Source code for pyrun

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# Author: Subhasis Ray
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# Created: Wed Oct 15 10:14:15 2014 (+0530)
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import numpy as np
from matplotlib import pyplot as plt
import moose

[docs]def run_sequence(): """ In this example we demonstrate the use of PyRun objects to execute Python statements from MOOSE. Here is a couple of fun things to indicate the power of MOOSE-Python integration. First we create a PyRun object called `Hello`. In its `initString` we put in Python statements that prints the element's string representation using pymoose-API. When ``moose.reinit()`` is called, this causes MOOSE to execute these Python statements which include Python calling a MOOSE function (Python->MOOSE->Python->MOOSE) - isn't that cool! We also initialize a counter called `hello_count` to 0. The statements in initString gets executed once, when we call ``moose.reinit()``. In the `runString` we put a couple of print statements to indicate the name of the object which is running and the current count. Then we increase the count directly. When we call ``moose.start()``, the `runString` gets executed at each time step. The other PyRun object we create, is `/World`. In its `initString` apart from ordinary print statements and initialization, we define a Python function called ``incr_count``. This silly little function just increments the global `world_count` by 1. The `runString` for `World` simply calls this function to increment the count and print it. We may notice that we assign tick 0 to `Hello` and tick 1 to `World`. Looking at the output, you will realize that the sequences of the ticks strictly maintain the sequence of execution. """ model = moose.Neutral('/model') hello_runner = moose.PyRun('/model/Hello') hello_runner.initString = """ print 'Init', moose.element('/model/Hello') hello_count = 0 """ hello_runner.runString = """ print 'Running Hello' print 'Hello count =', hello_count hello_count += 1 """'from datetime import datetime')'print "Hello: current time:",') moose.useClock(0, hello_runner.path, 'process') world_runner = moose.PyRun('World') world_runner.initString = """ print 'Init World' world_count = 0 def incr_count(): global world_count world_count += 1 """ world_runner.runString = """ print 'Running World' print 'World count =', world_count incr_count() """'from datetime import datetime')'print "World: current time:",') moose.useClock(0, world_runner.path, 'process') moose.reinit() moose.start(0.001)
[docs]def input_output(): """ The PyRun class can take a double input through `trigger` field. Whenever another object sends an input to this field, the `runString` is executed. The fun part of this is that you can use the input value in your python statements in `runString`. This is stored in a local variable called `input_`. You can rename this by setting `inputVar` field. Things become even more interesting when you can send out a value computed using Python. PyRun objects allow you to define a local variable called `output` and whatever value you assign to this, will be sent out through the source field `output` on successful execution of the `runString`. You can rename the output variable by setting `outputVar` field. In this example, we send the output of a pulsegen object sending out the values 1, 2, 3 during each pulse and compute the square of these numbers in Python and set output to this square. The calculated value is assigned to the `output` variable and in turn sent out to a Table object's input and gets recorded. By default PyRun executes the `runString` whenever a `trigger` message is received and when its process method is called at each timestep. In both cases it sends out the `output` value. Since this may cause inaccuracies depending on what the Python statements in `runString` do, a `mode` can be specified to disable one of the above. We set ``mode = 2`` to disable the `process` method. Note that this could also have been done by setting its ``tick = -1``. ``mode = 1`` will disable `trigger` message and ``mode = 0``, the default, enables both. """ model = moose.Neutral('/model') input_pulse = moose.PulseGen('/model/pulse') #: set the baseline output 0 input_pulse.baseLevel = 0.0 #: We make it generate three pulses input_pulse.count = 3 input_pulse.level[0] = 1.0 input_pulse.level[1] = 2.0 input_pulse.level[2] = 3.0 #: Each pulse will appear 1 s after the previous one input_pulse.delay[0] = 1.0 input_pulse.delay[1] = 1.0 input_pulse.delay[2] = 1.0 #: Each pulse is 1 s wide input_pulse.width[0] = 1.0 input_pulse.width[1] = 1.0 input_pulse.width[2] = 1.0 #: Now create the PyRun object pyrun = moose.PyRun('/model/pyrun') pyrun.runString = """ output = input_ * input_ print 'input =', input_ print 'output =', output """ pyrun.mode = 2 # do not run process method moose.connect(input_pulse, 'output', pyrun, 'trigger') output_table = moose.Table('/model/output') moose.connect(pyrun, 'output', output_table, 'input') input_table = moose.Table('/model/input') moose.connect(input_pulse, 'output', input_table, 'input') moose.setClock(0, 0.25) moose.setClock(1, 0.25) moose.setClock(2, 0.25) moose.useClock(0, input_pulse.path, 'process') #: this is unnecessary because the mode=2 ensures that `process` #: does nothing moose.useClock(1, pyrun.path, 'process') moose.useClock(2, '/model/#[ISA=Table]', 'process') moose.reinit() moose.start(10.0) #ts = plt.plot(input_table.vector, label='input') plt.plot(output_table.vector, label='output') plt.legend()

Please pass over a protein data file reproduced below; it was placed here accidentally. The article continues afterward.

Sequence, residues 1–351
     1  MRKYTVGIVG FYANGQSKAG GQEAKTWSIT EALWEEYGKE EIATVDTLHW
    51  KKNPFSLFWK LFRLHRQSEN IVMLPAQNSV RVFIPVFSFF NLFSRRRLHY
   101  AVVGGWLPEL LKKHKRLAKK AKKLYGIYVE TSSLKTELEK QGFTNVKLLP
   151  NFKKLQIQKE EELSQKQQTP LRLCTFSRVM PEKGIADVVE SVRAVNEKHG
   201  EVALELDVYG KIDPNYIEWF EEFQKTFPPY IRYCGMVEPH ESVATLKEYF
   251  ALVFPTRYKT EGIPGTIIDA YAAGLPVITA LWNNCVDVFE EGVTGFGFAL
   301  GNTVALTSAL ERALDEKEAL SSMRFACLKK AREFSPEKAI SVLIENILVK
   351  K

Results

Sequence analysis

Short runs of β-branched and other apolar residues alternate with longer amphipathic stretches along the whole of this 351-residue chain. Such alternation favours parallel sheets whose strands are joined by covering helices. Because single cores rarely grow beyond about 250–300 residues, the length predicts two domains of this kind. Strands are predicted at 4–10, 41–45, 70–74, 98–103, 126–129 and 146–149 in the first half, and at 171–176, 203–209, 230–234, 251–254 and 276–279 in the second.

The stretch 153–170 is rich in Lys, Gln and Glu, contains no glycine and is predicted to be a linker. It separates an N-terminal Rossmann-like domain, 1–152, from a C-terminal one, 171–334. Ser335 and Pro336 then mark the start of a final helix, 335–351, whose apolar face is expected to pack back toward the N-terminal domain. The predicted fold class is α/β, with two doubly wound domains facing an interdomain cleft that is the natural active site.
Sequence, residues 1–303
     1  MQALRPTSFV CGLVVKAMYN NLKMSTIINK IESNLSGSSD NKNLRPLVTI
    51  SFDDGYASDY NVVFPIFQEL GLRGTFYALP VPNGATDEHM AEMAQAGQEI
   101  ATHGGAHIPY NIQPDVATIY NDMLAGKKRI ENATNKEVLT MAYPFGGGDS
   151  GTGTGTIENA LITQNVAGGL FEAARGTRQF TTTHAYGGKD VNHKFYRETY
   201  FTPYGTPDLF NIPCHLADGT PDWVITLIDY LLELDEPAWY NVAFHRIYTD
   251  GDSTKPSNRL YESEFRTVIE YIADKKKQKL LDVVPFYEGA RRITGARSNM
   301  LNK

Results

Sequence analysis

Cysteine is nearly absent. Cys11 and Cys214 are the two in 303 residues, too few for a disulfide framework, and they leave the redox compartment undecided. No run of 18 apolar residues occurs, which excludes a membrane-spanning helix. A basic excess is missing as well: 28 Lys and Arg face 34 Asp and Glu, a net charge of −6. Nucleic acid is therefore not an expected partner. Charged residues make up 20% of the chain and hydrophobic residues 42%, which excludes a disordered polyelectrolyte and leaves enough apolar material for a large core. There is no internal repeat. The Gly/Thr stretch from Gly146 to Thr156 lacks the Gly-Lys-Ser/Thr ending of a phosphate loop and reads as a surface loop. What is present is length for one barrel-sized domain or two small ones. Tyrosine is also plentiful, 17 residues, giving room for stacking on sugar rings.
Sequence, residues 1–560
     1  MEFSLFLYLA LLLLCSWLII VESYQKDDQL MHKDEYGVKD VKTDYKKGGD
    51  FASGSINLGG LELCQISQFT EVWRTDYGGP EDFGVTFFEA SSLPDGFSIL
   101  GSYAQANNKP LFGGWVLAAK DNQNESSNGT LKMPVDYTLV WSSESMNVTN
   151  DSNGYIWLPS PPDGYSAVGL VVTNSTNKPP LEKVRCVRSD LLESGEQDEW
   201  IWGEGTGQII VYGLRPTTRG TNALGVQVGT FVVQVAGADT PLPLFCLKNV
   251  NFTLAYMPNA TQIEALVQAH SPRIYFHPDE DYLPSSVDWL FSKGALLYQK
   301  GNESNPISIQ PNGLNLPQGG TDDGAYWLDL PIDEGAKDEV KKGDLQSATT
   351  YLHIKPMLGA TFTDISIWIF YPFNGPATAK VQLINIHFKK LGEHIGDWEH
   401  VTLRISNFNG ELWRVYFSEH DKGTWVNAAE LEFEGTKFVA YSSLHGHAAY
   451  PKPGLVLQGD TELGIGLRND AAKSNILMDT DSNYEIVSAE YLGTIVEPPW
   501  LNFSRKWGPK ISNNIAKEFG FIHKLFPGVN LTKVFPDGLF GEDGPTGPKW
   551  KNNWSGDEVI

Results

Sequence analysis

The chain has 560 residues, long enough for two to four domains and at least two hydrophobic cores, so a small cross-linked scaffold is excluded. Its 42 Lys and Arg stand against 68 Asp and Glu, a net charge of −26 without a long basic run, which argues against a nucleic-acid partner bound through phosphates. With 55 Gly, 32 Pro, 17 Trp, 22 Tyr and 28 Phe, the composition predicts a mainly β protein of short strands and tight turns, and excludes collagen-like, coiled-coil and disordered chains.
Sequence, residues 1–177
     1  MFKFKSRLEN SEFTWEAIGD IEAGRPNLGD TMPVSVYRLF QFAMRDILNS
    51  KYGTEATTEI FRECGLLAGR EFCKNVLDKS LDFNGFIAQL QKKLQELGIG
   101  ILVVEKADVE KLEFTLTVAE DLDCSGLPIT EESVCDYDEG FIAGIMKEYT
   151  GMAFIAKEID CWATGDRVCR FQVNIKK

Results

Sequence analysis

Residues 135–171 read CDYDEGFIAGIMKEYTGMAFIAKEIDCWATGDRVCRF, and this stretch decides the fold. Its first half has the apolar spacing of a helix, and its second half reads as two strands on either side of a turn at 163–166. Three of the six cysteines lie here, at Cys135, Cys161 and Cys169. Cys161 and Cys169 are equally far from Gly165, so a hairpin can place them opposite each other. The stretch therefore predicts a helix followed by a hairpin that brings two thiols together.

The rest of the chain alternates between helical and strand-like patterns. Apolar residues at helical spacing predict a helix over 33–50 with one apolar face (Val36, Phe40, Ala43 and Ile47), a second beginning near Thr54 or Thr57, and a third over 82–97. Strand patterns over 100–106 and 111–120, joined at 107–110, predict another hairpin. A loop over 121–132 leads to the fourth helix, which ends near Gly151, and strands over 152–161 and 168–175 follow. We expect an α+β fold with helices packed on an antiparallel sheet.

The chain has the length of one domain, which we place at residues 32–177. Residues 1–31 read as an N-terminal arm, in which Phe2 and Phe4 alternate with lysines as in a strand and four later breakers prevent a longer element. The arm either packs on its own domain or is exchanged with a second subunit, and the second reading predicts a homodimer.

[docs]def main(): """ You can use the PyRun class to run Python statements from MOOSE at runtime. This opens up many possibilities of interleaving computing in Python and MOOSE. You can also use this for debugging simulations. """ run_sequence() moose.delete('/model') input_output()
if __name__ == '__main__': run_sequence() moose.delete('/model') input_output() # # ends here